Neil Humphreys: Tammy Abraham could save Frank Lampard’s job
Chelsea boss must pick local hero and dump expensive flops
Whatever happens to Frank Lampard in the coming days, the Chelsea manager can be reasonably sure of a couple of things.
Tammy Abraham looks a more valuable commodity than the Blues' expensive flops. And Kepa Arrizabalaga has surely played his last game for the club.
Indeed, Abraham's hat-trick, Timo Werner's listlessness and Arrizabalaga's slapstick comedy only underlined the uncertainty around Lampard's squad.
Chelsea's FA Cup victory against Luton Town yesterday was rarely in doubt, but the 3-1 scoreline and a few jittery moments hardly conveyed stability.
Like the snow at Stamford Bridge, Lampard's men cannot settle.
Ordinarily, Abraham's commanding display would've rubber stamped his position as the main attacking focal point. His hat-trick - a low drive, a looping header and a tap-in - only confirmed his suitability.
But Chelsea paid £72 million (S$131m) for Kai Havertz, who spent most of last night welding his buttocks to the bench in sub-zero conditions, while Werner proved that snowflakes are not the only substance capable of melting on a heated pitch.
The German striker started brightly and faded soon after, only popping up at the end to miss a penalty.
TOO MANY COOKS
His cause wasn't helped by Christian Pulisic occupying similar positions and intercepting passes around Werner.
The pair overlapped, but not in a creative way. Too many cooks are leaving Lampard in the soup.
On the touchline, Chelsea's manager occasionally had the look of a confused teenager sitting his first exam. He knows all the questions, such as how does he accommodate Abraham, Pulisic, Werner, Hakim Ziyech and Havertz into his line-up? Who will be his first-choice forwards? Will Werner ever provide a regular goal supply?
Lampard has no firm answers beyond the most obvious. Abraham remains the most reliable striker. But Lampard may face further interrogation for picking a 23-year-old academy graduate over foreign talents worth almost £130m.
Just to muddy the waters further, Abraham still has a tendency to miss more than he scores.
The Englishman had a brace within 17 minutes, but squandered at least five more chances before completing his hat-trick.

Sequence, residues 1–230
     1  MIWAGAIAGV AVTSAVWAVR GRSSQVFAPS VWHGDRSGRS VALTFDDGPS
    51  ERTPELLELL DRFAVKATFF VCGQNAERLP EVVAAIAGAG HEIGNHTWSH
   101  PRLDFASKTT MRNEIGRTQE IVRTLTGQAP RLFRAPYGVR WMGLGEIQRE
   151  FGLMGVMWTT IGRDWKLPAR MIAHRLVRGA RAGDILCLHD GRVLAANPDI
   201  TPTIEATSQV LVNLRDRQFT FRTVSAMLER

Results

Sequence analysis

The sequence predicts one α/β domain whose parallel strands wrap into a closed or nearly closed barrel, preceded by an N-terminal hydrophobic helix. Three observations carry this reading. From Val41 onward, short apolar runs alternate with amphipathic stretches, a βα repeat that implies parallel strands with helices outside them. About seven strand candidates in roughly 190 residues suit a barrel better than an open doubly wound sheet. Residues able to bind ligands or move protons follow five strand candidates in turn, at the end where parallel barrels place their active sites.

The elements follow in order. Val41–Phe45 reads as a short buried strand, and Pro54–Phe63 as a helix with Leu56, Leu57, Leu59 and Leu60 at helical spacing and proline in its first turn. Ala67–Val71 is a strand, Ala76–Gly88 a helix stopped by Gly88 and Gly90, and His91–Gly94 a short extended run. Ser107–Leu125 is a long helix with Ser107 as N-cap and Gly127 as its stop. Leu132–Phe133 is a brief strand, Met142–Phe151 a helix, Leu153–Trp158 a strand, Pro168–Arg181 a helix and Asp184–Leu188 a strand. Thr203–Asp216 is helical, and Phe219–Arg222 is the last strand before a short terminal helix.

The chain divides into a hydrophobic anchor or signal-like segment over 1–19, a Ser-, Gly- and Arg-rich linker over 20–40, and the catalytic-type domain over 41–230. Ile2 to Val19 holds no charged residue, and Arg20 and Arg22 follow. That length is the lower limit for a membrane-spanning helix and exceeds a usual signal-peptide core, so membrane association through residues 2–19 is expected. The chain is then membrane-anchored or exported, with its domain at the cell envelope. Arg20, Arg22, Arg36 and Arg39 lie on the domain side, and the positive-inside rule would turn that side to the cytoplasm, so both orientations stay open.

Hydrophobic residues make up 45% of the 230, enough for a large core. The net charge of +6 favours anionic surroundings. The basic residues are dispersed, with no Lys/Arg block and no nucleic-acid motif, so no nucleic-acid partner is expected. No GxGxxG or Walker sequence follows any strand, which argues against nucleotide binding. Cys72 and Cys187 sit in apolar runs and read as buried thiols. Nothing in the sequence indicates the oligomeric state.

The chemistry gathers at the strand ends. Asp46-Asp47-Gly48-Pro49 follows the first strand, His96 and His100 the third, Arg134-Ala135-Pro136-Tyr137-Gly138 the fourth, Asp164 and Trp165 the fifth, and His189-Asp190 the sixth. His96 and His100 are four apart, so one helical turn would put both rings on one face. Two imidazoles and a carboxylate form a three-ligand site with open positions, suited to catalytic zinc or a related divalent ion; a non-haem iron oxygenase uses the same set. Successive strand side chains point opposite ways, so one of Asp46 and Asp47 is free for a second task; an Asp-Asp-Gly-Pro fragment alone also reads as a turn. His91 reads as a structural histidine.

Up front, the indecision endures. But there is no grey area around Arrizabalaga, just an ugly, gaping hole between an arm and a leg that allowed Jordan Clark's strike to wriggle through.
Even the Luton midfielder didn't seriously expect his speculative drive to beat an international goalkeeper with a £71m price tag.
The shot was far too close to Arrizabalaga, who had the option to stick out either an arm or a leg to block Clark's tame effort.
Instead, his limps seemed to shrivel in the freezing conditions, leaving behind a flapping shirtsleeve and a wobbly sock.
Arrizabalaga didn't know where to put his head (or his arms and legs for that matter).
Lampard risks ending his own Chelsea career prematurely if he doesn't do likewise for his shattered Spaniard. A shaky goalkeeper with the yips didn't help a brittle side that rarely need an excuse to lose confidence against weaker opposition.
In the second half, Luton manager Nathan Jones sensed the uncertainty and threw on all five substitutes in search of an equaliser.
As the Championship club progressed, Chelsea hesitated, forcing Lampard to introduce Callum Hudson-Odoi to kill off the game.
The winger duly obliged, breaking free on the left before teeing up Abraham for a tap-in that even he couldn't miss.
The Englishman finally had his hat-trick. And Lampard had his leading man.
If the Chelsea manager needed further persuasion, Werner managed to miss a penalty in the final moments to round off another fruitless performance.
In comparison, Abraham looks like a model of consistency.
Whether Lampard has the courage to pick a local boy over a couple of expensive signings remains to be seen. But his job might depend on it.